Thursday, April 2, 2009

SDL ain't dead yet!

So I've been working on a clunky 3D OpenGL engine for my OpenGL class any for myself. As far as I'm concerned the class is just there to give me time to work on actually using all this graphics stuff I've already learned. Anyway, I'm planning on having it do a bunch of basic things;
  • load and render an obj file with a single UV mapped texture
  • load a series of images and render as a skybox without seams
  • use a grayscale image to build a terrain, and render with some texture
  • support point and directional lights
  • tie into Bullet for physics
  • use SDL for various bindings
So far I have most of these things set up, I just need some game objects and start using the core of Bullet.

However, I did hit a few snags along the way. Some are just shortcomings of my current implementations, others a bit odder.

Like most of my current projects, I'm attempting to keep my code cross platform by continually building in XCode and Visual Studio and using subversion hosted at Earlier this week I hit a large snag while using XCode. I had cleaned my project to get rid of several mislinked libraries and unused resources when I discovered that I was getting an EXC_BAD_ACCESS runtime error in some code that had been working just fine for a while. It was in my obj loading phase where I was attempting to push some UV data on a std::vector (like I said, this is a clunky engine). But for some reason this was failing. Oddly enough, I was using other vectors alongside this one in similar ways and they seemed to work just fine.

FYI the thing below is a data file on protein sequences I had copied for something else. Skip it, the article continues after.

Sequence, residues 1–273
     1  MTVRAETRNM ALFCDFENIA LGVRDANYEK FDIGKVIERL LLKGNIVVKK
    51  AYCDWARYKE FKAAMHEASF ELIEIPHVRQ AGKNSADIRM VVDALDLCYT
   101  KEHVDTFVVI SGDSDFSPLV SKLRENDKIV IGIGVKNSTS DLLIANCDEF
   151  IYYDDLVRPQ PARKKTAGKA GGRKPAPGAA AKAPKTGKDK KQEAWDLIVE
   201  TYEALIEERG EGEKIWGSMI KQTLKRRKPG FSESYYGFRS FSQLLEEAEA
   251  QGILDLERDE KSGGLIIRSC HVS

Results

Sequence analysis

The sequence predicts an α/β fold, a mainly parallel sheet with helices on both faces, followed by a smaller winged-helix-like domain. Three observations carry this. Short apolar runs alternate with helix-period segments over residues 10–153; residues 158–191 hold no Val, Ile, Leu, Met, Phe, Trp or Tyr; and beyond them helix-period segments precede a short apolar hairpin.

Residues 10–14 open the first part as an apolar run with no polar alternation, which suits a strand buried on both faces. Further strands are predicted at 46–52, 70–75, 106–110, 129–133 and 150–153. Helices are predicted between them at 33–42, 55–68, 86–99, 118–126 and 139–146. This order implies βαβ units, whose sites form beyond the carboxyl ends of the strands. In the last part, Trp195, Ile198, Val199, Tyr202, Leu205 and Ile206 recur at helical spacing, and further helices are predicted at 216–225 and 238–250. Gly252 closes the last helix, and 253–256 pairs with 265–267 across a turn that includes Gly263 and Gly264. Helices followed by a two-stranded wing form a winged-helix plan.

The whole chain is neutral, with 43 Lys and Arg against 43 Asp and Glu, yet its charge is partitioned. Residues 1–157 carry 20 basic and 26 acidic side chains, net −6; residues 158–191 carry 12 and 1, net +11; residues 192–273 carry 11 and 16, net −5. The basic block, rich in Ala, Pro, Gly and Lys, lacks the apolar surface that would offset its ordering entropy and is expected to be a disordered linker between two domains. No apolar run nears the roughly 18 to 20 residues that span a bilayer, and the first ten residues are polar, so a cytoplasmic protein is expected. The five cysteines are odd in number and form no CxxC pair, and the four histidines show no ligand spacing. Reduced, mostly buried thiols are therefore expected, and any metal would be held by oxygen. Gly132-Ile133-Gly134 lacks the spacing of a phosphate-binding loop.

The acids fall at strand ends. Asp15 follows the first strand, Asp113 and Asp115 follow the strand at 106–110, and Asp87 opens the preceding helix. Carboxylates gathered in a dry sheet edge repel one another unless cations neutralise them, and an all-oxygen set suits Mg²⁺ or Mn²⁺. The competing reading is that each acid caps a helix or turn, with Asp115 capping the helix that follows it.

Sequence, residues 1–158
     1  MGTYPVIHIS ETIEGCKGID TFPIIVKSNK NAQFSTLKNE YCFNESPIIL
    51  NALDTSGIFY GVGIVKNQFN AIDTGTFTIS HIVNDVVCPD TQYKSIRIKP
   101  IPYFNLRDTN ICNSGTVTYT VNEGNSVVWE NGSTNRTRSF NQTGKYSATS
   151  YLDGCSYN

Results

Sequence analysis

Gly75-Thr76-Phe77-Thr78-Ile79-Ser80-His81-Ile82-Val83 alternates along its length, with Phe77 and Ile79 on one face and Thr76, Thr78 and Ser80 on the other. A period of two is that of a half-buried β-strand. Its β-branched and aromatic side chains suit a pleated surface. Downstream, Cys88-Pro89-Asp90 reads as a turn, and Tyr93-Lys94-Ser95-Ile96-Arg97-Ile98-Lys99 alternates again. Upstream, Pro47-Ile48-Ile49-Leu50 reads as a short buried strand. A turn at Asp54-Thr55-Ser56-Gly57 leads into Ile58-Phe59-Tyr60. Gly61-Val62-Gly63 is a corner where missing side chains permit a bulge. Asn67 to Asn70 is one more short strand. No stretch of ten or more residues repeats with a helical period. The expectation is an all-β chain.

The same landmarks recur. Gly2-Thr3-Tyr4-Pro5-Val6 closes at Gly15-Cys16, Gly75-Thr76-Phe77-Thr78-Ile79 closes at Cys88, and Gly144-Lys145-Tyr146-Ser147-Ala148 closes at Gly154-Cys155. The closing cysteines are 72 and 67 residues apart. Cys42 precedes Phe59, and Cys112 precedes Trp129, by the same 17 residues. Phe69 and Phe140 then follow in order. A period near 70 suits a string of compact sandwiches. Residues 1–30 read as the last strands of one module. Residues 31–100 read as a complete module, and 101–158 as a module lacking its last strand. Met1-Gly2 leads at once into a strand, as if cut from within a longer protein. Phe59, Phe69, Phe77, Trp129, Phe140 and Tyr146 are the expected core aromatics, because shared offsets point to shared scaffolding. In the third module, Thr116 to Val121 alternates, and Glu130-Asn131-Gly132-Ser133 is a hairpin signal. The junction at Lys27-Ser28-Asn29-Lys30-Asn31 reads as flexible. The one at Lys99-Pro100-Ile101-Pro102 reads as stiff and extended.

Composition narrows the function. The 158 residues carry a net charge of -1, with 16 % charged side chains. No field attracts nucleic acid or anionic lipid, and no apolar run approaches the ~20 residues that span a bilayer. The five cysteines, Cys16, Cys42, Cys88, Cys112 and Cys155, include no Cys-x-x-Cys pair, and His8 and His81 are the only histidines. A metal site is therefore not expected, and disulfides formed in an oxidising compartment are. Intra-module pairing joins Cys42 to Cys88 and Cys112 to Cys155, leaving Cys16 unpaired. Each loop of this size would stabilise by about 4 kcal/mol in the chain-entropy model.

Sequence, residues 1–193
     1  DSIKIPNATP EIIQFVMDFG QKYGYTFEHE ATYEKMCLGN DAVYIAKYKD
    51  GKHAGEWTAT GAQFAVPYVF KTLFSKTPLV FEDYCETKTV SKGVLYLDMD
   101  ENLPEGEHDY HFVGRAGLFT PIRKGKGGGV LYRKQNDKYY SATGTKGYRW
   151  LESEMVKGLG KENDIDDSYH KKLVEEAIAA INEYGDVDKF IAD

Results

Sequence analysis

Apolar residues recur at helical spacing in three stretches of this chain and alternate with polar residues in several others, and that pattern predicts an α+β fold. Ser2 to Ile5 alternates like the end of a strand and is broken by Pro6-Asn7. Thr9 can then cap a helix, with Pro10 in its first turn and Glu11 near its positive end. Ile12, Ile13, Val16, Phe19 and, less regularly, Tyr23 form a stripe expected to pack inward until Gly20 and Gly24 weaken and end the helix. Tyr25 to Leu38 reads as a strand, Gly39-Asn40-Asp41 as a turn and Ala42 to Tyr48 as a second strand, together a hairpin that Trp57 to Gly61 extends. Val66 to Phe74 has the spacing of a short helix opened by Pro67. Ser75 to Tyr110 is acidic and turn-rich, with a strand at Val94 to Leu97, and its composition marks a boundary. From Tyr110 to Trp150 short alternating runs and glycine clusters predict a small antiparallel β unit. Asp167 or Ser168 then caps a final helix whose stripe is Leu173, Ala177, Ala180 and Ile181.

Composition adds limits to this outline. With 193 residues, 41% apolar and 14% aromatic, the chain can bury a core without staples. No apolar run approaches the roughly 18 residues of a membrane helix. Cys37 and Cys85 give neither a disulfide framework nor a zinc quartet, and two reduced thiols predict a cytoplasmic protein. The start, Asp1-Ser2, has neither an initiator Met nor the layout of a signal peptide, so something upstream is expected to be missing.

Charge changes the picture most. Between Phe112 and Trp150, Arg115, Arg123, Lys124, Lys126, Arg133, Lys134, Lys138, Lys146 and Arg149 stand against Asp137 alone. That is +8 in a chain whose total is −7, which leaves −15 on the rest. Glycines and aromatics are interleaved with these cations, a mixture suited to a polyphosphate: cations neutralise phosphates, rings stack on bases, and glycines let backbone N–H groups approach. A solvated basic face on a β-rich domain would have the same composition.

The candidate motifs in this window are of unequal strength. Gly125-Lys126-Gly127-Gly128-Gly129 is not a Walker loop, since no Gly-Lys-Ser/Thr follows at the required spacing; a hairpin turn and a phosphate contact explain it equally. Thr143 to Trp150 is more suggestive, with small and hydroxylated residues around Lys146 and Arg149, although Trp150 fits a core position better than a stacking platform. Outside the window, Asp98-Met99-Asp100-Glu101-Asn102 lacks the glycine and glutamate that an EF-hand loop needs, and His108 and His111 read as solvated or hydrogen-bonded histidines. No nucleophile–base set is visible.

At first, I figured I just needed to claim some memory before using the vector just to be safe. Of course, reserving and even adding some padding data before-hand just caused the application to crash on those operations. After fondling the debugger a bit I found that the type pointer was either null, missing (what) or otherwise ill-defined. This caused some serious head to wall banging as I couldn't understand how the code even existed without knowing what type it was. I convinced myself that there was a problem with initialization of my data member, so I tried putting a constructor into the initializer list (note, I'm doing all this inside my containing class' constructor and not using a pointer to a vector so this shouldn't be a problem), but to no avail. Finally, I decided to stick this thing in Visual Studio and see what happens. Once I got the solution set up and linking to the libraries right, I compiled and.. it ran. No problems, aside from a few small differences in rendering output due to different graphics cards. So either VS was just being nice to me, or XCode wasn't compiling my code right. I gave the problem some time, and when coming back to it I started trying silly things like changing my order of declarations in the class header. Putting the vector declarations first did nothing, putting some declarations in the middle did nothing, but changing the order of the vectors themselves did something. Turns out, whichever vector was declared last would throw this runtime error. What this means I have no clue, I'm not even sure how to Google for that to find a solution. So I ended up "solving" the problem by adding one more vector member aptly named "fuckme".

Oh, here are some screenshots of the current build showing off a cube of boxmen, a skybox and working terrain. If you look closely, you might notice that the terrain texture doesn't completely match up to the terrain itself. Don't worry, this is just a proof of concept and that image wasn't intended for this use.

No comments: